To appreciate the significance of this invention, it should be realized that, heretofore, the intersecting slot as shown would require three feather seals. One seal would lie across the intersecting juncture while a pair of feather seals would extend from each face of that seal.
In accordance with the invention, the feather seal elements generally illustrated by reference numeral 18 are formed into a unitary unit. One of the intersecting elements 20 is formed from flat sheet metal stock into an "H" shaped member by stamping or cutting out diametrically opposed slots 22 and 24. The complimentary element 26 is likewise formed from flat sheet metal stock and has a rectangular shaped aperture 30 stamped or cut out at one end, as shown, (FIG. 3). The upper end of element 26 is cut along the edge 32 to form an access end to slot 30 and defines tang 34 (FIG. 2). Tang 34 is bent outwardly a distance to allow element 26 to be inserted into recesses 22 and 24 of element 20. Once inserted, tang 34 is returned to its original position and joined, say by spot welding, into its original place.
This construction permits elements 20 and 26 to have a limited rotational movement relative to each other but yet is restrained axially. As noted, the pivot is about an imaginary axis passing through the leg of the "H" shaped element 20 in a place in coincidence with slots 22 and 24. This allows for ease of assembly.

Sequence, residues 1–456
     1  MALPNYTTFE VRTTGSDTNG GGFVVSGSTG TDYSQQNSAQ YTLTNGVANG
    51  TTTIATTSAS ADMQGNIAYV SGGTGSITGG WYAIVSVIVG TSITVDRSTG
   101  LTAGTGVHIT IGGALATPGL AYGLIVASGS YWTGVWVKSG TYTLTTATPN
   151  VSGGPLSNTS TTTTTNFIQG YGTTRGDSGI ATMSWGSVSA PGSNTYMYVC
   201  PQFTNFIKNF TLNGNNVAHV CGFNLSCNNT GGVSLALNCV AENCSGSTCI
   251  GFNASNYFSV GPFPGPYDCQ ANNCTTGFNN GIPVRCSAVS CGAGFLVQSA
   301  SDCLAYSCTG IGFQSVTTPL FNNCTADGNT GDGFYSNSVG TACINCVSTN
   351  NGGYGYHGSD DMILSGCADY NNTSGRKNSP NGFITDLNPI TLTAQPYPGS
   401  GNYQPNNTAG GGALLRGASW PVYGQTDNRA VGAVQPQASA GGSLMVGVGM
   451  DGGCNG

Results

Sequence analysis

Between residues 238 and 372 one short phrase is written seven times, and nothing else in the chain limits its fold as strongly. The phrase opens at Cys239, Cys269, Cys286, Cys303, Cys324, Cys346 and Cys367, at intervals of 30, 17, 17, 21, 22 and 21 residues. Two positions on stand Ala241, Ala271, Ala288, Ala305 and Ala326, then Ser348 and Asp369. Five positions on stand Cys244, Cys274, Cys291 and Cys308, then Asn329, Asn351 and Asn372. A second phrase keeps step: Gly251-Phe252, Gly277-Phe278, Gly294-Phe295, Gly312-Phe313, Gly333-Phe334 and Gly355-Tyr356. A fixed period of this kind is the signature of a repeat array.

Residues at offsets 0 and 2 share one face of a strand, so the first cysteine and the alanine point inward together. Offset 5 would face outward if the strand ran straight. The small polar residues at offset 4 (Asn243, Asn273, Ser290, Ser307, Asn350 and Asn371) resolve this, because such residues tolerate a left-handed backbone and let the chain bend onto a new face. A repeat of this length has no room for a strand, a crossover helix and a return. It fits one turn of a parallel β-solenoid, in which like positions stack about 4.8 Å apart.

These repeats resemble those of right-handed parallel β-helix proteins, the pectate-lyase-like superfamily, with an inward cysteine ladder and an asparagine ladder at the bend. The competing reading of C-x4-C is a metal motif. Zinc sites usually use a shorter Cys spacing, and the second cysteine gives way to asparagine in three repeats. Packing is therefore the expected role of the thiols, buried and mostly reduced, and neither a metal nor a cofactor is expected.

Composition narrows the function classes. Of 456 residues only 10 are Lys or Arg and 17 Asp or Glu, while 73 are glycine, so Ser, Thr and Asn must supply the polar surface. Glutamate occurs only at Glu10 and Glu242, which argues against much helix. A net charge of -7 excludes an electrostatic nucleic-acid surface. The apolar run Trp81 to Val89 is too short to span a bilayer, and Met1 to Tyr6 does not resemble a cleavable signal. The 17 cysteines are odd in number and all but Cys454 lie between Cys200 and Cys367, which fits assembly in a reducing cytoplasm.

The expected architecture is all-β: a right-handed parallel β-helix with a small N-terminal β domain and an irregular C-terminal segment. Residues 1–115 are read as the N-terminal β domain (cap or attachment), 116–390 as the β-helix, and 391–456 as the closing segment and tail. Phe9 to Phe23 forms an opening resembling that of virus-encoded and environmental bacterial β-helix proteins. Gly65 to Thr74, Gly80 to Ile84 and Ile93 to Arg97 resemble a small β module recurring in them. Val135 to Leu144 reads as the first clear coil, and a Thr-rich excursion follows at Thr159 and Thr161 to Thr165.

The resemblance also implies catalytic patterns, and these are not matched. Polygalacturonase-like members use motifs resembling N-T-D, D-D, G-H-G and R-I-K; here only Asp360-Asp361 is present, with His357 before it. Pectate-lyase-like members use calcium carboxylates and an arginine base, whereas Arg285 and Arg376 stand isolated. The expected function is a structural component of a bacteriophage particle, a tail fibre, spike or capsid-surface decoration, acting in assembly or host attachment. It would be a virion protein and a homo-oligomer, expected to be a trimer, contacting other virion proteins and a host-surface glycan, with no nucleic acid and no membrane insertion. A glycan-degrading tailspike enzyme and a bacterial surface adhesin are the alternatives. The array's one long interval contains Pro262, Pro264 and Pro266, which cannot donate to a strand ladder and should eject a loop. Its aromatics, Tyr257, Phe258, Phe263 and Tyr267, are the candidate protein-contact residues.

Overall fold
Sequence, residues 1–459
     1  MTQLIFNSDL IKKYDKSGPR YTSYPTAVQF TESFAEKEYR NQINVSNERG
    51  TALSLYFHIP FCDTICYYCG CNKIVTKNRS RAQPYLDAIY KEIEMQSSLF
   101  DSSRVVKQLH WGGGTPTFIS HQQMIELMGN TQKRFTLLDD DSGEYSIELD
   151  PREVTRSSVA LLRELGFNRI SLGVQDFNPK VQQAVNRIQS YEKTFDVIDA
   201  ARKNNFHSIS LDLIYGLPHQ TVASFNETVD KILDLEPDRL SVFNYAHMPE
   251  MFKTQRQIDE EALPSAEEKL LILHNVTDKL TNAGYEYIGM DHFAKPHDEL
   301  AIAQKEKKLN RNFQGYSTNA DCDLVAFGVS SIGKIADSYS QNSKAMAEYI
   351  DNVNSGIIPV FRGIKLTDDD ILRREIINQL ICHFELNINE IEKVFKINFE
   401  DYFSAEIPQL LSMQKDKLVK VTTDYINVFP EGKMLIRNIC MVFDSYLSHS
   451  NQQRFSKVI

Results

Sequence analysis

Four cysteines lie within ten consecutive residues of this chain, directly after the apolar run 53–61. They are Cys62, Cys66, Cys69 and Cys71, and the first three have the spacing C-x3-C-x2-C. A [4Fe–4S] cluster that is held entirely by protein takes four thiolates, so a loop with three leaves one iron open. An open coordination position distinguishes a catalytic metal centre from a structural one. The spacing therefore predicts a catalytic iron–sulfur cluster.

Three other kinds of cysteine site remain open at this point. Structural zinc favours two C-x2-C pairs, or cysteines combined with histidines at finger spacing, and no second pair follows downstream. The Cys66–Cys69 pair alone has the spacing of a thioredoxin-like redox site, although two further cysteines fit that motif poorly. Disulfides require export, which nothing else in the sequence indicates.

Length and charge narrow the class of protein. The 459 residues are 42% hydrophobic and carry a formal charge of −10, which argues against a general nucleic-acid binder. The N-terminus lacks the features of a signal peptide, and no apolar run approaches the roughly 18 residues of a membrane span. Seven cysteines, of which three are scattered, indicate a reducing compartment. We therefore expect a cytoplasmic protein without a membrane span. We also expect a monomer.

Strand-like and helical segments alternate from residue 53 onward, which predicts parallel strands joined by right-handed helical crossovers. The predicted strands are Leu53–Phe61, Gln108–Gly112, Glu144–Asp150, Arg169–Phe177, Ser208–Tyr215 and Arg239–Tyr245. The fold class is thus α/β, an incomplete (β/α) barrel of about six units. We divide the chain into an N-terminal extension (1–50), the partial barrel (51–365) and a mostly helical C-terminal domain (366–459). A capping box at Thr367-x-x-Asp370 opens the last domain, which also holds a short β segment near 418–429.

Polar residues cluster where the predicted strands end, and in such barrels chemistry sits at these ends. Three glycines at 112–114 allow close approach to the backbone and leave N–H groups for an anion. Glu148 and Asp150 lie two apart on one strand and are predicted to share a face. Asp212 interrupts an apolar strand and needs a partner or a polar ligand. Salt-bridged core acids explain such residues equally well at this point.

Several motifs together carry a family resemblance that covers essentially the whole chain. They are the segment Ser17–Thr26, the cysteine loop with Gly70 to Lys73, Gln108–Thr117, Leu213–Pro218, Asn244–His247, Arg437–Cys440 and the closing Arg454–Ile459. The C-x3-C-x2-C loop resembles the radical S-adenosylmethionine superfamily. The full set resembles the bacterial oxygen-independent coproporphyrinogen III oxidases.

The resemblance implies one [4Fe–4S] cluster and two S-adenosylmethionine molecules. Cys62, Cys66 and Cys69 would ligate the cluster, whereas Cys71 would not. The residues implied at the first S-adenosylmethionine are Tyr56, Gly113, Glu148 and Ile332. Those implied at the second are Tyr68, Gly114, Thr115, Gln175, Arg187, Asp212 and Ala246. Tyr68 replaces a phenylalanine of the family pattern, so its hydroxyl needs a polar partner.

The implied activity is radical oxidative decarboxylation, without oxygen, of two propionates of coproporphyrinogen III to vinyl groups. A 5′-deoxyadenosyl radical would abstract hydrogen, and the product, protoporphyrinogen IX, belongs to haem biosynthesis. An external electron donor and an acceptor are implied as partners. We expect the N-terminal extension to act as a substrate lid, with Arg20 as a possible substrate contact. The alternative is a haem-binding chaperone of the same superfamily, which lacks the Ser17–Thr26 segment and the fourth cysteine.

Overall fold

As noted, when in the assembled position, tang 34 aligns with the face 36 to form a wall 40 that extends across the face 38 of element 20. When the feather seal is inserted into its intended slot, leakage flow flows in the slots of the buttresses along the face 38 as well as the other faces of the feather seal elements. The wall 40 extending in the slot forms a barrier to prevent this leakage flow from escaping. This allows the buttress to be fabricated without the necessity of sealing the ends of the slots as been the situation heretofore. This eliminates a very expensive step in the manufacturing of these stator vane segments.
To assemble the unitary feather seal 18, the edge of the feather seal is inserted into the slots 50 and 52 of one of the vane segments 54. And the next adjacent segment 56 is aligned so that its complementary slots 58 and 60 align with the opposite edges of the unitary feather seal 18 and both segments are urged toward each other so that they are in abutting end to end position. This procedure is continued until the entire ring is assembled. It should be understood that the invention is not limited to the particular embodiments shown and described herein, but that various changes and modifications may be made without departing from the spirit and scope of this novel concept as defined by the following claims.